About the VMC 44
The Vendorlator or VMC 44 was one of the crown jewels of VMC, or Vendorlator Manufacturing Corporation. They created vending machines for Coca-Cola, as well as for other brands up until 1956, the year in which Vendo acquired the company under the Vendo name.
The VMC-44 was the precursor of the Vendo 44, one of the most famous and unique vending machines created, and they shared similar features. The design was created by VMC to provide a smaller, thinner solution to small shops all over the U.S. They enjoyed incredible success due to their narrow size and small size, especially because it still had the capacity for 44 bottles of up to 6 and ½ oz.
The Vendo 44 is often confused with the VMC-44 because they are very similar and used some of the same parts. The VMC version did not have a full coin entry bezel, and it was created by Vendorlator Manufacturing Corporation. Once the companies merged back in 1956, the VMC-44 was marketed as a Vendo 44, though there are several differences in their appearance and serial numbers.
You can read about the issue with vending modern bottles in this machine here. For this reason, many people will convert the bottle arms to an arm that will vend cans instead. We sell it on our Vendo 44 parts page.
● The VMC-44 was introduced in 1956, the same year when Vendo acquired VMC. They didn’t stop production and continued producing the VMC under the Vendo 44 name.
● There are some small differences between the two machines. The VMC-44, for example, didn’t have the classic chromed coin entry that is characteristic of the V-44. Also, the VMC-44 doesn’t display the word Vendo in the lower front door. The main door liner was made out of metal, which was changed to plastic for the V-44. The rear shaft of the VMC-44 mechanism is longer and made out of metal, which makes it different from the Vendo 44.
● Aside from that, they were pretty similar in design and had some interchangeable parts. However, the VMC-44 is not as popular as the V-44, which makes it less valuable in the market.
● Additionally, there were versions made for Canada, which have adapted coin systems that were slightly different to allow Canadian coins. These are even less valuable in the American market.
● It worked with 5 or 10 cents, which once introduced, allowed the user to pull down on the handle below the coin entry plate. This in turn would let the mechanism pop a pre-cooled bottle in the chute below.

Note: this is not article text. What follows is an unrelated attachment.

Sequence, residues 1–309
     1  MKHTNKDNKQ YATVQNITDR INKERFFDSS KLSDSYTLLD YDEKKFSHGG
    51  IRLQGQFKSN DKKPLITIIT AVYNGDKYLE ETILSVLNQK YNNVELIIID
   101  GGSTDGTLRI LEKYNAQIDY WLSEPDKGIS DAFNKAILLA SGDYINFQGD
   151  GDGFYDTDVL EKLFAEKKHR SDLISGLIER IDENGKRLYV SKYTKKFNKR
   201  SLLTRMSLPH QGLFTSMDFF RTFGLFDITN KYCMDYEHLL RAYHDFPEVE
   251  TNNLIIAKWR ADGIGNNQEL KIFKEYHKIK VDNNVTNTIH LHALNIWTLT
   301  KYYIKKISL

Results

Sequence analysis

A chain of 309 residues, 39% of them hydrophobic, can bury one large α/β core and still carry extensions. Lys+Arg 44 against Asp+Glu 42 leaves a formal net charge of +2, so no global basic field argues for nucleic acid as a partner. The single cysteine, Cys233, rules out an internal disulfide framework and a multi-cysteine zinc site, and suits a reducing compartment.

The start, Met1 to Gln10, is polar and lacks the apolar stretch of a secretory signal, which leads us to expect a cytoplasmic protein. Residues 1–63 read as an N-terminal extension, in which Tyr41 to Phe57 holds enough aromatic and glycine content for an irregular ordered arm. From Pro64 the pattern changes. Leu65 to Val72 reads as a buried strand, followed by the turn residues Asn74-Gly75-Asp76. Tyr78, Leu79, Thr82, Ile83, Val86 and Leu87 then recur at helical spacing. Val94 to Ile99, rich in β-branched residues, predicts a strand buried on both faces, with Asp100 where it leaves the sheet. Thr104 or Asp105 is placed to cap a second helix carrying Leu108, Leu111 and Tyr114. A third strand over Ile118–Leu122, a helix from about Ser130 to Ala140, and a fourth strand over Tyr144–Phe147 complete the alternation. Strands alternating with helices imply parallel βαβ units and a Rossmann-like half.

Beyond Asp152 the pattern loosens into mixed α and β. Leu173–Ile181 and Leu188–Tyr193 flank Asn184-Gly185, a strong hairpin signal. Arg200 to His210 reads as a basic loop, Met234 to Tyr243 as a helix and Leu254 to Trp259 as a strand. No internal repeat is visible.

● Even though the original machine only allows for 6.5 oz bottles, there are kits made to upgrade the size. With the kits, they can take up to 8oz glass bottles and 12 oz cans.
● This model was incredibly popular – that’s why Coca-Cola didn’t alter it in the following years when they introduced new models with square-top designs. The Vendo 44 stood unchanged because it proved to be too convenient for small-store vendors.
● The Vendo 44 also had three different mechanisms to handle coins. One could only take either 5 cents if you ordered the 5-cent model, or 10 cents if you ordered the 10-cent model. The second mechanism allowed for both 5 and 10-cent coins, but it had to be adjusted to either – it couldn’t take both types at the same time. And the third mechanism allowed for quarters in addition to nickels and dimes, but it was limited to only one type of coin at the time as the second type of mechanism.
● It also had a coin return system that returned 15 cents in nickels if you introduced a quarter and a bottle opener.
Vendo 44 Specs:
- ● Vends: 44 6.5oz bottles. It can be modified to vend 8oz glass bottles and 12oz cans.
● Pre-cools: 9 bottles.
● Operation: Manual
● 57 ½ ” high, 15 ½” wide, 16” deep.
● Weight:198 lbs.
VT10 Tecumseh cooling system
Serial Number Information:
- ● The serial numbers of the VMC-44 start with a P, which was specific to the model, and the Vendo 44 after it.
● VMC serial numbers do not include a code for the date, unlike the Vendo 44 run after the companies merged. That’s why they’re easier to recognize.
● The date of manufacture can be established by cross-referencing the serial number ID plate of the cooling system and the ID number of the compressor.
Popularity and Collectibility
The VMC-44 is a very interesting piece, not so much due to their popularity, but more so due to their history. The VMC-44 wasn’t and is not as popular as the Vendo 44, which came to dampen the success of the first machines. But truth be told, one machine couldn’t exist without the other.